By David Armstrong, Contributing Editor
The handsome Hotel Chinzanso Tokyo, which opened its doors in 1952, was in recent years an Asian outpost of Four Seasons Hotels and Resorts, the upmarket Toronto-based group. That ended in late 2012, when the Chinzanso returned to Japanese management.
I hold Four Seasons in high regard, but reflagging the 5-star Chinzanso was culturally, almost poetically, fitting. The Chinzanso, where I spent a pleasant night in March 2015, is a very Japanese hotel.
It is discreet, understated, very different from the flashy hotels that dominate world cities – properties with bars staffed by “mixologists” (no mere bartenders!) who craft “signature” cocktails to the beat of “curated” playlists of throbbing dance/trance music.
The Chinzanso, while it inhabits a post-war building complete with a thrusting, 14-story tower, evokes an older, serene, nuanced style refined long ago in Japan.
Some of that has to do with the Chinzanso’s location, far removed from central Tokyo and bordering a historic botanical garden: the namesake Chinzanso Garden.
Happily, my room overlooked the garden, laid out in the late 19th century and once owned by a Prime Minister of Japan. Nearly 17 acres in size, Chinzanso Garden provides a hushed retreat in the thrumming Greater Tokyo megalopolis of 38 million people, the world’s largest.
Hundreds of trees, with leaves that change color with the seasons, grace this traditional Japanese garden, which features a waterfall, a stream, two ponds, traditional stone sculptures and an eye-pleasing, three-story pagoda built nearly 500 years ago on a hillside overlooking the greenery.
Winding walkways lead downhill to the garden from the ground floor of the hotel. The Kanda River flows past the walled public garden’s Kabuki-mon Gate.
The Hotel Chinzanso Tokyo is either beautifully located or terribly located, depending on what you want to do. It is about 30 minutes by train or taxi from the Marunouchi central business district, the Ginza shopping district and the Imperial Palace, in the Mejiro section of Tokyo’s northern Yamanote district.
This is inconvenient for some, especially leisure travelers and first-timers who want to be near the most-famous sightseeing spots. I was in Tokyo on business and for me the location was a refreshing change – not so far away from my appointments to be nettlesome, but far enough away to be restful. (Tokyo’s dependable Limousine Bus serves the hotel from both Tokyo Narita and Tokyo Haneda airports.)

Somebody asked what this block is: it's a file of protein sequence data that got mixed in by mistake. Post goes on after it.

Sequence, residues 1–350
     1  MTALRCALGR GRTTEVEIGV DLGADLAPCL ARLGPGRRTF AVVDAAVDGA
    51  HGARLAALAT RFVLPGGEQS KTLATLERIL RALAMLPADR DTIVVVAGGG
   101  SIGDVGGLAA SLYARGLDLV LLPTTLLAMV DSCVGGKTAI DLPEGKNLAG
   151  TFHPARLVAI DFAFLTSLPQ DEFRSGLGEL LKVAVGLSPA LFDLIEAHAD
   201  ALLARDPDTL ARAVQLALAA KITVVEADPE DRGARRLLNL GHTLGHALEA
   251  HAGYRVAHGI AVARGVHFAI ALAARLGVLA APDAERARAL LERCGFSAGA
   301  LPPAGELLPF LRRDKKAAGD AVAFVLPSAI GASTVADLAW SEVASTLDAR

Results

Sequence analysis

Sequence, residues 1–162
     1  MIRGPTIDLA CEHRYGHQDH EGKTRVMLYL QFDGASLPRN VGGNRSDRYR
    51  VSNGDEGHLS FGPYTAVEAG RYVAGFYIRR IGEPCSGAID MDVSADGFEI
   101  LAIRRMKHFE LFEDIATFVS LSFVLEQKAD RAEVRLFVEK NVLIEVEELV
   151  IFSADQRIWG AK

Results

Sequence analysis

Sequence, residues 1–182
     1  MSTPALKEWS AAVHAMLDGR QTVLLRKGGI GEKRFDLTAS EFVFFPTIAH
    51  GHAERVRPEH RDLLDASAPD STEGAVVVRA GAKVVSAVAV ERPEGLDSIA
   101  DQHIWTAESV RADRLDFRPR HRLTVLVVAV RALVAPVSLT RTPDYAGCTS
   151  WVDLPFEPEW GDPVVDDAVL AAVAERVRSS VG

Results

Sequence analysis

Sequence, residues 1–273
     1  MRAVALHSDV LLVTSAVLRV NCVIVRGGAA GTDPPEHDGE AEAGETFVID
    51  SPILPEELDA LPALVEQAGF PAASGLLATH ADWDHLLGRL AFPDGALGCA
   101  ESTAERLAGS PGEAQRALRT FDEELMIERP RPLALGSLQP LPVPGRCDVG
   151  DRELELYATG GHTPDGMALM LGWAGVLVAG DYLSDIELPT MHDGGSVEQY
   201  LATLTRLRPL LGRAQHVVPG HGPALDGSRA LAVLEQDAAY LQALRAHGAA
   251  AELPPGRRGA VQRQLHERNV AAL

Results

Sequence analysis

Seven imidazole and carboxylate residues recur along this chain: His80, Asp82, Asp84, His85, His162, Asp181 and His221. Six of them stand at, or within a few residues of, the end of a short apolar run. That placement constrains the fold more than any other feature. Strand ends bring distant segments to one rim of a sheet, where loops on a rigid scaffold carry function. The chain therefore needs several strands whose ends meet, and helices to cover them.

My room was large by Tokyo standards. Hotel rooms there tend to be small (though that is changing with the entry over the past decade of high-profile, upmarket international brands).
I had a comfortable double bed, a small table set with welcoming fruit, crunchy snacks and tea, a couch by the picture-window. There was a desk and chair. Internet connectivity was good with a hotel-issued Wi-Fi password.
A hallway off the bedroom led to a vanity, places to stow luggage and hang and fold clothes and at hallway’s end, a pristine bathroom. In addition to its spaciousness, the bedroom was blessedly quiet, a real plus for a jet-lagged, noise-sensitive traveler.
All told, the hotel has 259 guest rooms and suites with garden or city views. Rooms range in size from 45-square-meter (484-square-foot) superior rooms to 55-square-meter (592-square-foot) deluxe rooms. The hotel’s 42 suites are, of course, even larger.
My travel-writing itinerary took me to sake joints and restaurants around town, so I didn’t eat in the hotel, save for a sumptuous, Western-style breakfast.
There are also Japanese breakfasts with standbys like congee, minced pickled vegetables and fish, and fluffy steamed white rice.
Breakfast is served in an expansive, ground-floor space overlooking the garden. The hotel has six Japanese restaurants, a French restaurant called Camellia and an Italian restaurant (Il Teatro) among its 12 dining options.
Like most posh, 5-star properties, the Hotel Chinzanso Tokyo boasts a high-end spa. Yu, the Spa, nestled on the second floor of the hotel, uses hot spring water piped in from Shizuoka prefecture.
There is also a gym, a heated swimming pool with retractable roof and eight spa treatment rooms.
The Chinzanso does not neglect business travelers. It has 36 meeting spaces, including a ballroom with a 2,000-person capacity and an indoor amphitheater equipped with a 160-inch screen and 98 seats.
Private terraces off the meeting rooms are used for receptions. There is a third-floor business center with complimentary computers and printers.
When I was in residence, love was in bloom. Its quiet location and photo-ready garden make the Hotel Chinzanso Tokyo a popular choice for weddings among Japanese couples.
Wedding parties, with their beautiful brides and handsome grooms, were much in evidence, especially on outdoor terraces and in the garden, as the weather was fine when I was there.
I can only imagine how many nuptials were celebrated when the cherry blossoms (sakura) bloomed, which they did a week after my visit.
The Hotel Chinzanso Tokyo is located at 10-8 Sekiguchi 2-Chome, Bunkyo-Ku, Tokyo 112-8680, Japan. For more information and to book, call 81-3-3943-1111 or visit http://hotel-chinzanso-tokyo.jp/. Room rates start at $275 per night.
David Armstrong is a San Francisco Bay Area journalist specializing in features, news and reviews about travel destinations, airports, airlines, hotels and resorts. He is the former tourism, aviation and international trade reporter for the San Francisco Chronicle and covered tourism, movies, media and theater for the Hearst-owned San Francisco Examiner. He is the author of five books and numerous travel articles for TheStreet.com, Travel + Leisure, Global Traveler, Napa Sonoma Magazine, The Globe and Mail (Toronto), Toronto Star, Chicago Sun-Times, Aviation.com and many others.